MWC 2008: Hands on with the Readius rollable e-ink phone

E-Books, Mobile phones, Mobile World Congress 2008, Top stories


It was at last year’s 3GSM show in Barcelona that we first clapped eyes on Polymer Vision’s Readius e-book display. The show’s name may have changed to Mobile World Congress, but Polymer Vision was still there this year, showing the latest version of the device, which is now a fully-fledged mobile phone, as we recently reported.

Naturally, I nosed around the company’s stand to find out more. According to Pieter van Lieshout, display R&D manager, what was on show this year is an almost-final version of the device, which is due to go on sale in the second half of 2008.

The screen is lovely, I have to say. It’s five inches when unrolled, and QVGA resolution. The photo above gives you a sense of how it displays newspaper pictures and text, but my personal impression is that it’s very comfortable for reading indeed.

The device can also let you read e-books and RSS feeds, using its 3G/HSDPA connection to download the latter at intervals you can set. You choose which feeds and newspapers to subscribe to on a dedicated web portal accessed through your PC – they’re then pushed to the Readius as often as you like.

According to van Lieshout, there’s 16 grey levels per pixel, which is why the image quality looks so good. Meanwhile, the e-ink technology means the device is battery-friendly too. “It doesn’t take any power to retain an image, just to change from one to the other,” he says. “That means you get up to 30 hours of continuous usage, so if you use it for several hours a day, you will get weeks on one single charge.”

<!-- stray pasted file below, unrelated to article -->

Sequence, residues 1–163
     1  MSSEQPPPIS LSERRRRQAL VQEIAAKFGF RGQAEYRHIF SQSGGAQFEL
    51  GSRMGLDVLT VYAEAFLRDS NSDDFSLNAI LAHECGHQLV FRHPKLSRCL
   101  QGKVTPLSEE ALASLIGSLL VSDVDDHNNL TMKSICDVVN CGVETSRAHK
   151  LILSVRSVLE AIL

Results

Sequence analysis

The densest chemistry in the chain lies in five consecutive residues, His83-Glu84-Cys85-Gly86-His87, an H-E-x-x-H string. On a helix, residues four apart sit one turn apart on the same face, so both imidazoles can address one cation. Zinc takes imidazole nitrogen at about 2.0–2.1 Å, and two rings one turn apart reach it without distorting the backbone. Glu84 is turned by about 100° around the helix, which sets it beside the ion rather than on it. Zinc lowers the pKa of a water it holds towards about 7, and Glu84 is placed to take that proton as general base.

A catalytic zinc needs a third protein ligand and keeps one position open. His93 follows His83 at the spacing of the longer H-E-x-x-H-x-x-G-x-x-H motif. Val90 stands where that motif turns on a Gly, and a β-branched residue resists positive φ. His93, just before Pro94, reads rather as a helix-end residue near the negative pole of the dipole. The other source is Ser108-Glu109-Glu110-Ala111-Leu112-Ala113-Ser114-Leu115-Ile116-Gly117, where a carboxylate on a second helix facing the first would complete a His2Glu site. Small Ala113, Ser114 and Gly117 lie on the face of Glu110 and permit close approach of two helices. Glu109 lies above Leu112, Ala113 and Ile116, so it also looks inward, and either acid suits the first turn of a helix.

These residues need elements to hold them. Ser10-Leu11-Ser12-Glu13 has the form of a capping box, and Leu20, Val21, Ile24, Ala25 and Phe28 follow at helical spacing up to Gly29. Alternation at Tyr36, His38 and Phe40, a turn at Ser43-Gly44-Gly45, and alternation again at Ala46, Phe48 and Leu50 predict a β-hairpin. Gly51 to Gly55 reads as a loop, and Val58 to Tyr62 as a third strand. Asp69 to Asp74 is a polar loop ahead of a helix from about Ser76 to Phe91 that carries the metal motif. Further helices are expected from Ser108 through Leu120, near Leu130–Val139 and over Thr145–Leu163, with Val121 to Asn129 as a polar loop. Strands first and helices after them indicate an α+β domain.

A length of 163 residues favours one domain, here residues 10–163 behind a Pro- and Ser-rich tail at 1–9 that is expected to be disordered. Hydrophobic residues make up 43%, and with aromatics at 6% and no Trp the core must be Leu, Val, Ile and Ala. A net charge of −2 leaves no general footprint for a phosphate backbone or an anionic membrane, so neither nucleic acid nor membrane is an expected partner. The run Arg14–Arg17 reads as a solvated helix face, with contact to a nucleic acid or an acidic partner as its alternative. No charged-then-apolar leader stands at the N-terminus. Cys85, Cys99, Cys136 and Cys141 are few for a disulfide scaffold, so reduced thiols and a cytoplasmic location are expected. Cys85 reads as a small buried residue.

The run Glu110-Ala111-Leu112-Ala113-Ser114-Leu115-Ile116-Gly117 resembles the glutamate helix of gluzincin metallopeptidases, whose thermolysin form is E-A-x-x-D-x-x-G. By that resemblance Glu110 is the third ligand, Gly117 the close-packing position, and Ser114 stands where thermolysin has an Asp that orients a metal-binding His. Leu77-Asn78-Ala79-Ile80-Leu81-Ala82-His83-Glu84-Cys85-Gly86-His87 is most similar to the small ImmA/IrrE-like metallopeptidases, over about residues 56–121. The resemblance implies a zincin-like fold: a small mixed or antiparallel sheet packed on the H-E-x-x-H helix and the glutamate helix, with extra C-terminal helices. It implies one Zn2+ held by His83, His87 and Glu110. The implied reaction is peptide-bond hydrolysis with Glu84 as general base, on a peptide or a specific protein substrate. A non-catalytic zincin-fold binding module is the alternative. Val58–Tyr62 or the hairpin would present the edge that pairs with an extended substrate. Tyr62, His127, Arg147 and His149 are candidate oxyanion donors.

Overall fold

There are downsides to this kind of device though. The screen means you can’t clutch the phone to your face like a normal handset, so you’ll need to use a headset for any calls. meanwhile, there’s no keypad – instead there’s just eight buttons. They’re designed to make it intuitive to navigate and read, but they also mean you can’t just dial a number – contacts have to be synched onto the device from Outlook.

So what’s in store in terms of e-books? “We have the possibility to get e-books onto the device, but we haven’t closed deals yet,” says van Lieshout. This will be a crucial aspect for Readius, and you’d have to assume Polymer Vision will adopt a standard e-book format to ensure a quick and regular supply of new books – rather than expect publishers to support yet another new format (particularly given the recent launch of Amazon’s Kindle).

Polymer Vision is aiming to sell the device through mobile operators, so isn’t talking pricing – although it’s likely to be comparable to a high-end phone.

Readius is an innovative gadget, for sure, but I’d never use it as my main phone. No texting, no full web access, no games… As a phone, it’s just too limited, but perhaps it has a future as a Kindle rival, using that connection to ensure RSS feeds keep beaming in. And yet if it’s sold through mobile operators, that means two monthly contracts.

Still, come the second half of this year, we’ll find out just how popular Readius is, I guess.

Polymer Vision website

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Stuart Dredge
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